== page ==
These Food and Drink Trends will be Huge in 2018
We’ve looked back at the best and worst food and drink trends of the past year, and now it’s time to gaze into our restaurant crystal ball and take a peek at the future. What will pass our lips in 2018? We asked the JOL team to share their predictions.
Vegetable Offal and Minimal Food Waste
‘Just like animal offal has had its moment, I think ‘vegetable offal’ is about to become big. Also known by various other terms such as ‘root to shoot’, ‘root to fruit’, ‘root to stem’ and ‘stem to root’, this cooking style involves utilising the entire vegetable plant. So the roots, stems, peels, seeds and leaves are not wasted, and everything is used. For instance, carrot top pesto is everywhere at the moment; and ‘ash baking’, which uses pulverised onion skins, is a mainstay of many modern menus.
Already a major trend in the US, Dan Barber’s sold-out ‘wastED’ pop-up in Selfridges in the spring of 2017 opened many Londoners’ eyes to just how delicious and innovative this type of cooking could be; and now Skye Gyngell has introduced ‘Scratch’ menu based on this concept. As minimising food waste becomes an ever more important issue, we’ll see more chefs getting creative with potato peelings and cauliflower stems.’ — Sejal Sukhadwala, Contributor.
‘My prediction is trolleys: cheese trolleys, pudding trolleys, crepe Suzette at the table trolleys, martini trolleys and brandy trolleys. Wheels will be back in a big way in 2018.’ — Henry Jeffreys, Contributor.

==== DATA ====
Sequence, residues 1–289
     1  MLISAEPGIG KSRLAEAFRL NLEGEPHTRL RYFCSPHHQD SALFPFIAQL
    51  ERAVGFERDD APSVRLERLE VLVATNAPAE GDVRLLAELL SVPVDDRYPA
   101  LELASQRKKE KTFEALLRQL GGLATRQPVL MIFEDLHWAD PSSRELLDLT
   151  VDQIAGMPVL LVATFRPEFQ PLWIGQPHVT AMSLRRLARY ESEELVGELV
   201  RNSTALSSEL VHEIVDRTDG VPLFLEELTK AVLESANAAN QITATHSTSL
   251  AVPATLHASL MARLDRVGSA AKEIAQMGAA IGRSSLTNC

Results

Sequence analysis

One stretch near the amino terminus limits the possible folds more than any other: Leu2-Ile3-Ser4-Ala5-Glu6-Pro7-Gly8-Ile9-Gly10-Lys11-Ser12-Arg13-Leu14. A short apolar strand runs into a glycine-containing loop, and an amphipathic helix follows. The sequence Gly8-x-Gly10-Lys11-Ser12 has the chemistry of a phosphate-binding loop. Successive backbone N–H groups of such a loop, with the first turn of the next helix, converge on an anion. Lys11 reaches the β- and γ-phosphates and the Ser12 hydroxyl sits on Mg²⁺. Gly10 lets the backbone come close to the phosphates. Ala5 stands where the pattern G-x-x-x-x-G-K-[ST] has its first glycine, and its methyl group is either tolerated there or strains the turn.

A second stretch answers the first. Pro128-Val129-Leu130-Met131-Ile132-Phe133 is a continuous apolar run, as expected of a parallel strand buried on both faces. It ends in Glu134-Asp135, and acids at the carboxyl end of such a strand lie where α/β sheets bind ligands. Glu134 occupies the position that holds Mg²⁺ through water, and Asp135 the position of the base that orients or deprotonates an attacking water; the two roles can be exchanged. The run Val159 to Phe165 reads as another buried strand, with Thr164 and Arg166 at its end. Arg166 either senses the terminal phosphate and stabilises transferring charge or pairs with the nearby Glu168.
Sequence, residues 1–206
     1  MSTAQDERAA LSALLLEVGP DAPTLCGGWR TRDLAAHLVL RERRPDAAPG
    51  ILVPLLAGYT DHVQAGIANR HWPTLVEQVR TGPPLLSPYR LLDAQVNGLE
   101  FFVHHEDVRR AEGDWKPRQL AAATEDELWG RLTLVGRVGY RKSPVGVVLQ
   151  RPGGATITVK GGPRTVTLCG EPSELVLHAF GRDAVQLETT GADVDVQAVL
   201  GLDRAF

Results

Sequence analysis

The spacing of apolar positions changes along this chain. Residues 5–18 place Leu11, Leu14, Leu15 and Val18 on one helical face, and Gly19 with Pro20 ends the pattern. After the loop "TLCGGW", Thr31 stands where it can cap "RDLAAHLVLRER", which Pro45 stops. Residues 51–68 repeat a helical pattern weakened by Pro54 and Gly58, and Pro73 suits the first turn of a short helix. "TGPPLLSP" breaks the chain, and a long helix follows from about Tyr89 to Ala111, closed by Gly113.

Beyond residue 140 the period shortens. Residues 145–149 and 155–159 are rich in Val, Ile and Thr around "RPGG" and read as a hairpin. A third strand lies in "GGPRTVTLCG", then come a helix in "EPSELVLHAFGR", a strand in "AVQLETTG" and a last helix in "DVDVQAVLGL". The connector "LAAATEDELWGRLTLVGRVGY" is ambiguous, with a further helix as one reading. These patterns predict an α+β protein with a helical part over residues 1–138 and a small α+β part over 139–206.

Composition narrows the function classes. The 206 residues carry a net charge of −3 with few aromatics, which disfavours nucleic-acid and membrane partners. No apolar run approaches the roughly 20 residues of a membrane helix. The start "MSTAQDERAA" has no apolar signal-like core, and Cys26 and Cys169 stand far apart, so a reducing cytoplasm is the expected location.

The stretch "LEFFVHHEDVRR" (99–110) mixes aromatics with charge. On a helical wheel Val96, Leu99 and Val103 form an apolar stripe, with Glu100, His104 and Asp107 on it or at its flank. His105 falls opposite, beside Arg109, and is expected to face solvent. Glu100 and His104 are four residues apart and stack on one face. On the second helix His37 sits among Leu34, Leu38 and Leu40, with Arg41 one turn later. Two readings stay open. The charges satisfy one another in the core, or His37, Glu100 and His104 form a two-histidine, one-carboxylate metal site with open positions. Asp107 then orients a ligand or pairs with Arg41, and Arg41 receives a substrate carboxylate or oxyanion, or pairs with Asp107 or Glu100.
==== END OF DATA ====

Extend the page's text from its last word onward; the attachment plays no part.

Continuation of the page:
Increased Veggie and Vegan Options
‘We’ve never seen such a fuss about a veggie – just look at the wizardry of Gizzi Erskine’s Pure Filth pop up at Tate, which focused on nutritious, plant-based ‘junk’ food. See also, the fantastic work going on at Tredwell’s courtesy of the fabulous Chantelle Nicholson, where dishes like roasted cauliflower, saffron, cornichon, caper and lemon speak for themselves. One of my meals of the year was at Cub where a completely meat-free meal had never tasted so good, though the drinks pairings certainly helped matters. Perhaps if every veggie or vegan meal started with a glass of Krug, we’d all be at it.’ — Joanne Gould, Contributor.
‘Cocktail-wise I’d say more and more bars will aim to be more sustainable – so things like ‘closed loop’ cocktails (made with ingredients people would usually throw away), sustainable ingredients and ditching straws, following the likes of industry leaders like Mr Lyan (Cub, Super Lyan) Duck and Waffle and Trash Tiki.’ — Helen Glaberson, Contributor.
‘I think we’re going to see a lot more expansions of existing successful restaurants, as investors get scared of true innovation closer to Brexit. Bloomberg Arcade already shows the way things are going – 2nd branches of A Wong and Koya, and another JKS (restaurant group) place. That’s not to say these restaurants won’t be worth visiting, but there’ll be fewer crazy risks taken on large scales.
Ikoyi reminded London there’s more to African food than Nandos, and I expect to see a few more restaurants popping up inspired by that part of the world. Ethiopian/Eritrean, in particular, seems due a modernising and makeover.
Also with the opening up of Burma, perhaps that country will see a few more food ambassadors in the capital. It’s a fascinating cuisine with its own unique identity, and from a purely selfish point of view, I want more (and better) places serving shan tofu and lahpet salad.’ — Chris Pople, Contributor.
Modern West African Food
‘I think we are on the tip of an African food boom. For years we’ve seen West African food in particular represented mainly by high street takeaways and home-style cooking and while that’s all well and good, this year we will see the different regional cuisines opening up and restaurateurs exploring modern ways of presenting African flavours.
Zoe at Zoe’s Ghana Kitchen has done a great job of beginning to popularise these flavours and this year we saw the opening of I Go Chop in Camberwell – a modern take on the high street counter takeaway – followed by Ikoyi, where two guys are presenting West African food in a modern, unique way. I’m really excited to see how this trend develops in 2018.’ — Helen Graves, Editor